GE Oil & Gas attorney Michael McIlwrath has brought our attention to the recently released 2012 International Arbitration Survey: Current and Preferred Practices in the Arbitral Process. This study, conducted by the School of International Arbitration at Queen Mary, University of London, and the firm of White & Case LLP, notes how international arbitration is actually practiced, and points to what practices might be preferred.
Some of the results of the survey are:
- The frequent practice of unilaterally-appointed “party” arbitrators’ choosing a chair, after consultation with the appointing party, is generally approved;
- Fast-track arbitration procedures, while broadly available, are infrequently used;
- Favorite methods of expediting arbitrations include early identification of issues to be determined and limitations on document exchange;
- Requests for interim relief are uncommon, and granted only 35% of the time;
- The IBA Rules’ criteria (”relevant to the case and material to its outcome”) is the preferred standard for required document production, which is becoming more accepted as important to the outcome of cases;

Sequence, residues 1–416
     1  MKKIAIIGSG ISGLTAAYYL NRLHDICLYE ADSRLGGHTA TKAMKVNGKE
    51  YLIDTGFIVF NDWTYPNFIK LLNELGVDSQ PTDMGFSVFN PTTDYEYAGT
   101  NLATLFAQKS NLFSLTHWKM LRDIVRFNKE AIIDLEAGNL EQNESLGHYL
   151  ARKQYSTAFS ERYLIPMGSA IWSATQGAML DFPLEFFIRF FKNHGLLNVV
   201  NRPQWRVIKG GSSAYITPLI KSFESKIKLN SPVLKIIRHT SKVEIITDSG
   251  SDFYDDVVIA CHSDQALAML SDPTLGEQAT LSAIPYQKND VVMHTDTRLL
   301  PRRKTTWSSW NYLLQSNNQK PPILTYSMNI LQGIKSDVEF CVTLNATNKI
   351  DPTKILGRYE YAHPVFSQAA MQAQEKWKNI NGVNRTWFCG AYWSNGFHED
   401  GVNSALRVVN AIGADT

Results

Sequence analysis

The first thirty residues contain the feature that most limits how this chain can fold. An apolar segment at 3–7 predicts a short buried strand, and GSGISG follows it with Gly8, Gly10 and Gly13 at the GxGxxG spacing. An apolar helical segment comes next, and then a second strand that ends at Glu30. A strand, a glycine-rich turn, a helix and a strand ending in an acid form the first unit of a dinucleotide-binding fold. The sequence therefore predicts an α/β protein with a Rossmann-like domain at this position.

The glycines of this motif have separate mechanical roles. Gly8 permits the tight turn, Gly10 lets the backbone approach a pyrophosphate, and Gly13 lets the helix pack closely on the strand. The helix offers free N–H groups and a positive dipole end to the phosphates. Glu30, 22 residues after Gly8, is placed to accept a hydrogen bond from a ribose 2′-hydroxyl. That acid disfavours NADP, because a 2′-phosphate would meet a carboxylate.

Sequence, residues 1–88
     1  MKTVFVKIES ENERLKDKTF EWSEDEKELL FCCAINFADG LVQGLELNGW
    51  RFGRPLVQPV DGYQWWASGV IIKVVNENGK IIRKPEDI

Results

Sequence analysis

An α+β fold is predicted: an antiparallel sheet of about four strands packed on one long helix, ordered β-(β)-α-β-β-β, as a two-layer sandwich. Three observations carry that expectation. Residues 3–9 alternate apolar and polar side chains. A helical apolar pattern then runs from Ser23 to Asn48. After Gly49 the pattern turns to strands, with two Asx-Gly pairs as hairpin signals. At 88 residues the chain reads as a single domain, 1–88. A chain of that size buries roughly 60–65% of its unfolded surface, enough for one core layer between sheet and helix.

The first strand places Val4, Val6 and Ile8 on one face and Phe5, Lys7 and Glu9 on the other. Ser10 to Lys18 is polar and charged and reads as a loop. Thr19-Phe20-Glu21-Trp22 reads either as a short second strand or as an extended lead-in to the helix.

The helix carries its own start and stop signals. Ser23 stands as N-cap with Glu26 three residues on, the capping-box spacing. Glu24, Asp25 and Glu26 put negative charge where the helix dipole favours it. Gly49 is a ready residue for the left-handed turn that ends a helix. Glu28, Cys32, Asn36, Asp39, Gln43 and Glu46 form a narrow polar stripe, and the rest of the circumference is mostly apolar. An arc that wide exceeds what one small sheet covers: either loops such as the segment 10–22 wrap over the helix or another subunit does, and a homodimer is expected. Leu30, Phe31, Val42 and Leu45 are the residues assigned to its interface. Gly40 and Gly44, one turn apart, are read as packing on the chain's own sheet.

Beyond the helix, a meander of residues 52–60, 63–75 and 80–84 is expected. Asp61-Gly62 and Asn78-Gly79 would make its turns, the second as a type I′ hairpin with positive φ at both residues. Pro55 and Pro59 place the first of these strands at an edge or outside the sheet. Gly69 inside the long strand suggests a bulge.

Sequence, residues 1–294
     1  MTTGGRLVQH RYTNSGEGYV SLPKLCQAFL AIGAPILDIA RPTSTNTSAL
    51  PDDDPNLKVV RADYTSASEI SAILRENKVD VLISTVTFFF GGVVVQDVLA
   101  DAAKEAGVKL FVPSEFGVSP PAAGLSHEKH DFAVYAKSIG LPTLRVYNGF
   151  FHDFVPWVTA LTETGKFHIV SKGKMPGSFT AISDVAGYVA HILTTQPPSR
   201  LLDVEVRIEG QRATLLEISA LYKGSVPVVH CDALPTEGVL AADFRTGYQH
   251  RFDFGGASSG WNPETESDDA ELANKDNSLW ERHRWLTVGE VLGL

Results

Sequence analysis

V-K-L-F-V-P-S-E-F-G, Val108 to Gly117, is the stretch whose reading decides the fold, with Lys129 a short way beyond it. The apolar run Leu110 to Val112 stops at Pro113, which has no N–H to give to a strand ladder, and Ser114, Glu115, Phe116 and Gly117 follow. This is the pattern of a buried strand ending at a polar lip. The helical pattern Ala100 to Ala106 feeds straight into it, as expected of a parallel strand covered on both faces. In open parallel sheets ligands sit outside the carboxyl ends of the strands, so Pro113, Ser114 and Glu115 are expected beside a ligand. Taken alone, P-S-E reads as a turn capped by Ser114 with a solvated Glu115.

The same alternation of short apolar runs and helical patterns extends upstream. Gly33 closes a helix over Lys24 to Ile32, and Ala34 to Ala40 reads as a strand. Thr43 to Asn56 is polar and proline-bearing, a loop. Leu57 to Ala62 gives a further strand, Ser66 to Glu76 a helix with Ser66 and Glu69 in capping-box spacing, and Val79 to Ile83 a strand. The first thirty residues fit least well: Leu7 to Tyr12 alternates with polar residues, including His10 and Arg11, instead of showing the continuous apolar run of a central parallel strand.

- In most international arbitrations fact witness evidence continues to be offered by exchange of statements, with cross-examination (including preparation therefor) increasingly used;
- Civil lawyers conduct hearings that are shorter than common-law lawyers do;
- Sole arbitrators are expected to render an award within 3 months of hearing, and three-member tribunals within six months;
- Nearly all survey respondents thought it appropriate to take into account improper conduct by a party or counsel in awarding costs.
The entire study can be found here.